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I have a bizarre problem: Somewhere in my HTML/PHP code there's a hidden, invisible character that I can't seem to get rid of. By copying it from Firebug and converting it I identified it as  or 'Zero width no-break space'. It shows up as non-empty text node in my website and is causing a serious layout problem.

The problem is, I can't get rid of it. I can't see it in my files even when turning Invisibles on (d'uh). I can't seem to find it, no search tool seems to pick up on it. I rewrote my code around where it could be, but it seems to be somewhere deeper in one of the framework files.

Any good tools to find characters by charcode across files or something like that? (Mac OS X)

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Don't blame yourself too much. If a layout breaks because of a zero-width, non-breaking space, the renderer is misunderstanding either the sero-width or the non-breaking part. –  MSalters Jul 2 '09 at 15:23
2  
That's debatable I suppose. The non-breaking space connected two proper whitespace characters, so it's supposed to render something I guess. And that something happened to be squished inbetween two full-width, no-margin DIVs, which is why it showed up very prominently. I rather blame Microsoft for inventing BOMs to begin with. ;-) –  deceze Jul 3 '09 at 0:47

7 Answers 7

up vote 22 down vote accepted

You don't get the character in the editor, because you can't find it in text editors. #FEFF or #FFFE are so-called byte-order marks. They are a Microsoft invention to tell in a Unicode file, in which order multi-byte characters are stored.

To get rid of it, tell your editor to save the file either as ANSI/ISO-8859 or as Unicode without BOM. If your editor can't do so, you'll either have to switch editors (sadly) or use some kind of truncation tool like, e.g., a hex editor that allows you to see how the file really looks.

On googleing, it seems, that TextWrangler has a "UTF-8, no BOM" mode. Otherwise, if you're comfortable with the terminal, you can use Vim:

:set nobomb

and save the file. Presto!

The characters are always the very first in a text file. Editors with support for the BOM will not, as I mentioned, show it to you at all.

Cheers,

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Now that would explain it, but no insult necessary. Weird that it translates into a proper character in the browser. I'll look for that... –  deceze Jul 1 '09 at 8:02
2  
Sorry, the 'you don't get it' was no insult, it should terminate in a comma. My apologies! –  Boldewyn Jul 1 '09 at 8:07
    
Yep, that was indeed it. I wonder where that came from, as my editor (TextMate) doesn't save BOMs... –  deceze Jul 1 '09 at 8:08
    
I saw that before, but it usually rendered as garbage on top of the page. Seems it's harder to find when it's in the middle of a page...? Anyway, thanks! :) –  deceze Jul 1 '09 at 8:12
    
It can occur in the middle of a page, when you use PHP's include statement with a BOM-started file to include. Otherwise it should usually not appear (although it is a standard Unicode character and can be used as such). –  Boldewyn Jul 1 '09 at 8:25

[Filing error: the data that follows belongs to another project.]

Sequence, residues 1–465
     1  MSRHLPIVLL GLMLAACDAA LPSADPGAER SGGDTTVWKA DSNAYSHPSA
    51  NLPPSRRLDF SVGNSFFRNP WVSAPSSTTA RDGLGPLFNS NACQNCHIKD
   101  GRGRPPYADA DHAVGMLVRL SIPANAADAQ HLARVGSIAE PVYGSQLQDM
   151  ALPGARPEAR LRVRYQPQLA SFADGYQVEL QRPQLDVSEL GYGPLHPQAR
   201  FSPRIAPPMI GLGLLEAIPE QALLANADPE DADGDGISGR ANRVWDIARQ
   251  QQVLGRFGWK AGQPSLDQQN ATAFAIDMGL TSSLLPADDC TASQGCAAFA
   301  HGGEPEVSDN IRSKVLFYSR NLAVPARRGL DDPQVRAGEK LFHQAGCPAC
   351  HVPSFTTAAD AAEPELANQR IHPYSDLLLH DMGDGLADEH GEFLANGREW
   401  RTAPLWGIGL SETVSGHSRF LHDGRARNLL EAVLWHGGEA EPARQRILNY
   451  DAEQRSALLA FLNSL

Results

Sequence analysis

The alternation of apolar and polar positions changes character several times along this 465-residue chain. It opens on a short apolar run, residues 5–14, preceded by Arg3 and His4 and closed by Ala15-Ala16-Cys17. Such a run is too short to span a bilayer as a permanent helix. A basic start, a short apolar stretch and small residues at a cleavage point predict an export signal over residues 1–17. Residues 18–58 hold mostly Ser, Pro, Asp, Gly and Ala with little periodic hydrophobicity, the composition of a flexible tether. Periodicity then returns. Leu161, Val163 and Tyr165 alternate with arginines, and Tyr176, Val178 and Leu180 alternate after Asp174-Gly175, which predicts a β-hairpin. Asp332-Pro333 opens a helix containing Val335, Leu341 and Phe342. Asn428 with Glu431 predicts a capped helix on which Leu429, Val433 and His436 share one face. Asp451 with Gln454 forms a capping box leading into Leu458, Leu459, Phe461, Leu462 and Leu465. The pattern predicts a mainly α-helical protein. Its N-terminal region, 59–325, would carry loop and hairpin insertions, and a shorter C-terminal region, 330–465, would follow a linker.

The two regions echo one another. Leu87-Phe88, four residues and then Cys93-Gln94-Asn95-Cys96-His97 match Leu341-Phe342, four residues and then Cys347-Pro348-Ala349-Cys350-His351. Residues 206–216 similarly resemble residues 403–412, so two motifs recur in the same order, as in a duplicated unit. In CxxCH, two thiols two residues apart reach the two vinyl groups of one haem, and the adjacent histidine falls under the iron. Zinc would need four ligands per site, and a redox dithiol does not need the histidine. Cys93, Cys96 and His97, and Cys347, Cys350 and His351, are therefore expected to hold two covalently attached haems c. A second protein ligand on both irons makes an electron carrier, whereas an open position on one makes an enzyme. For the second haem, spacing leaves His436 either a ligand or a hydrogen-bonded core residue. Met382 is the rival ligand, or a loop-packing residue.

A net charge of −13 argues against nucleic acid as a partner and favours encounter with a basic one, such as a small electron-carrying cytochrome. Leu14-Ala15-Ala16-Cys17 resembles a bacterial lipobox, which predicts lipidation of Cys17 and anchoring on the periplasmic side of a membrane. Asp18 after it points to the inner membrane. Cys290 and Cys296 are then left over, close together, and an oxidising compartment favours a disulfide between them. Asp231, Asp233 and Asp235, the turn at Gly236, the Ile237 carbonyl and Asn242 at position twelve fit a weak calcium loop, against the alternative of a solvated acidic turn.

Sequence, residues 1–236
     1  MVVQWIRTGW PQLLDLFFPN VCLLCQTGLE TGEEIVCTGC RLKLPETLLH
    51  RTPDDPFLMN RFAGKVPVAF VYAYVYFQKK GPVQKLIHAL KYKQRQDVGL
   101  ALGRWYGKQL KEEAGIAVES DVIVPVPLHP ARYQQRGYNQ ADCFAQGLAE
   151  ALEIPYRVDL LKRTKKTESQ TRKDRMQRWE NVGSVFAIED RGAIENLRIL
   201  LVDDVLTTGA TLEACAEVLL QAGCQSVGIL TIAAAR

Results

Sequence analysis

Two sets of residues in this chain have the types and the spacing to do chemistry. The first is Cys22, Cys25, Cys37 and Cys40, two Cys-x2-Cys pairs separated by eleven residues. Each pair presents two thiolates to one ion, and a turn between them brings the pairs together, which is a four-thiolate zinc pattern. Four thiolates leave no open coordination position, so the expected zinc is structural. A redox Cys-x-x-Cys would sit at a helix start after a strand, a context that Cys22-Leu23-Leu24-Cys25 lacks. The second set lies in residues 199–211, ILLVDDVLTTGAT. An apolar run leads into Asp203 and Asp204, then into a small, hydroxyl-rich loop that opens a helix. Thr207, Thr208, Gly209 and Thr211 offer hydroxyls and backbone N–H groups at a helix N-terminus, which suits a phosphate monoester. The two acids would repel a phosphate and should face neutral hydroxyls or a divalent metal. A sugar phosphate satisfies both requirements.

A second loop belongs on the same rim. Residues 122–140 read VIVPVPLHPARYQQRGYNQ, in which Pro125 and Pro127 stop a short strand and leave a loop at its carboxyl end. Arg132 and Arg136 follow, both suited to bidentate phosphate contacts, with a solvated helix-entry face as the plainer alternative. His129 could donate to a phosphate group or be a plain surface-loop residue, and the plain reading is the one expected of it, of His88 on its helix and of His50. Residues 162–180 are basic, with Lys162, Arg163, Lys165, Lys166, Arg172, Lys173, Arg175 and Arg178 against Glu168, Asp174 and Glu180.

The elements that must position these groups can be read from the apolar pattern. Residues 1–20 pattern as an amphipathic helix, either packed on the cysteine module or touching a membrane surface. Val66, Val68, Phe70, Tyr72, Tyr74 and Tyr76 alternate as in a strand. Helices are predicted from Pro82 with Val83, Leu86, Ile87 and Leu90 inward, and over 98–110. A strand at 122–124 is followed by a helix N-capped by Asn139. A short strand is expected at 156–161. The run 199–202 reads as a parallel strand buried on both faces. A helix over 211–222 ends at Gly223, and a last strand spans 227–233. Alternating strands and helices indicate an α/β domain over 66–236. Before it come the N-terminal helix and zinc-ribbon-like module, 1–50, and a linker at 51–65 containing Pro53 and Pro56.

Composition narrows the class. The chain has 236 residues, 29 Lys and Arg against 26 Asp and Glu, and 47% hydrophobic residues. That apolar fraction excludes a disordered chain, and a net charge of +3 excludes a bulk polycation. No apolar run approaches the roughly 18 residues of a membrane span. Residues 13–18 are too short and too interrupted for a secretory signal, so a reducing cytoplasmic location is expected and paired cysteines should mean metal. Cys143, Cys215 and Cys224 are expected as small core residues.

If you are using Textmate and the problem is in a UTF-8 file:

  1. Open the file
  2. File > Re-open with encoding > ISO-8859-1 (Latin1)
  3. You should be able to see and remove the first character in file
  4. File > Save
  5. File > Re-open with encoding > UTF8
  6. File > Save

It works for me every time.

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It's a byte-order mark. Under Mac OS X: open terminal window, go to your sources and type:

grep -rn $'\xFEFF' *

It will show you the line numbers and filenames containing BOM.

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Since it almost certainly are the first two bytes of the file, the problem is to get it away. I'm not quite experienced with awk, but it should be a one-liner with it to remove the first two bytes of a file. –  Boldewyn Jul 1 '09 at 8:27

I'm not a Mac user, but my general advice would be: when all else fails, use a hex editor. Very useful in such cases.

See "Comparison of hex editors" in WikiPedia.

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use notepad plus plus.. there is an option to show all characters

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1  
As stated, I'm more looking for a Mac OS X (or UNIX) tool. –  deceze Jul 1 '09 at 7:34
    
yep i missed that... i think i saw some where it can be run using Crossover. not pretty solution though –  Umair Ahmed Jul 1 '09 at 7:37
    
Btw: Notepad++ has an option to save Unicode files without BOM. Just in case you're gonna switch to Windows ;-) –  Boldewyn Jul 1 '09 at 11:39
    
i run notepad++ on ubuntu using wine. i don't know if wine runs on OS X. notepad++ is awesome though. –  the0ther Aug 13 '10 at 18:31

vi or vim will show up any non-EOL characters.

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Anything that can search across files? I already skimmed all the places I suspected it in. –  deceze Jul 1 '09 at 7:40
    
grep could probably do it... but with unicode characters, it's a little hard, because you never know what encoding the file is in, and hence what to pass to grep. –  Matthew Scharley Jul 1 '09 at 7:42
    
Don't have too much experience with grep, would this be the correct usage? kk:trunk deceze$ grep -R '/\xFEFF/' . –  deceze Jul 1 '09 at 7:52

I'm pretty sure Textwrangler will do it.

EDIT: VersionTracker link as Bare Bones site seems to be down again.

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